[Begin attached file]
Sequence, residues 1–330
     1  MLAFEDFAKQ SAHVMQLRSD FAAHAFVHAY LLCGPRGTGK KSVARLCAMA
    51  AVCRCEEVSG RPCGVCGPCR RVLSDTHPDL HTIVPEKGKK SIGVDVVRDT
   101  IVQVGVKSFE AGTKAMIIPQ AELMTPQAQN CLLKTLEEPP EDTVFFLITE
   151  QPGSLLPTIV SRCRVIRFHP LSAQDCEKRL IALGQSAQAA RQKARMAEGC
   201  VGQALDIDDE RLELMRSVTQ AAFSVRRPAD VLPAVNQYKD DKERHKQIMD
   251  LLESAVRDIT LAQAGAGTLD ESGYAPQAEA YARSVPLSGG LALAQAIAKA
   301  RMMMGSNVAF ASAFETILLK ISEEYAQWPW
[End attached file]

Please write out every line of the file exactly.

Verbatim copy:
Sequence, residues 1–330
     1  MLAFEDFAKQ SAHVMQLRSD FAAHAFVHAY LLCGPRGTGK KSVARLCAMA
    51  AVCRCEEVSG RPCGVCGPCR RVLSDTHPDL HTIVPEKGKK SIGVDVVRDT
   101  IVQVGVKSFE AGTKAMIIPQ AELMTPQAQN CLLKTLEEPP EDTVFFLITE
   151  QPGSLLPTIV SRCRVIRFHP LSAQDCEKRL IALGQSAQAA RQKARMAEGC
   201  VGQALDIDDE RLELMRSVTQ AAFSVRRPAD VLPAVNQYKD DKERHKQIMD
   251  LLESAVRDIT LAQAGAGTLD ESGYAPQAEA YARSVPLSGG LALAQAIAKA
   301  RMMMGSNVAF ASAFETILLK ISEEYAQWPW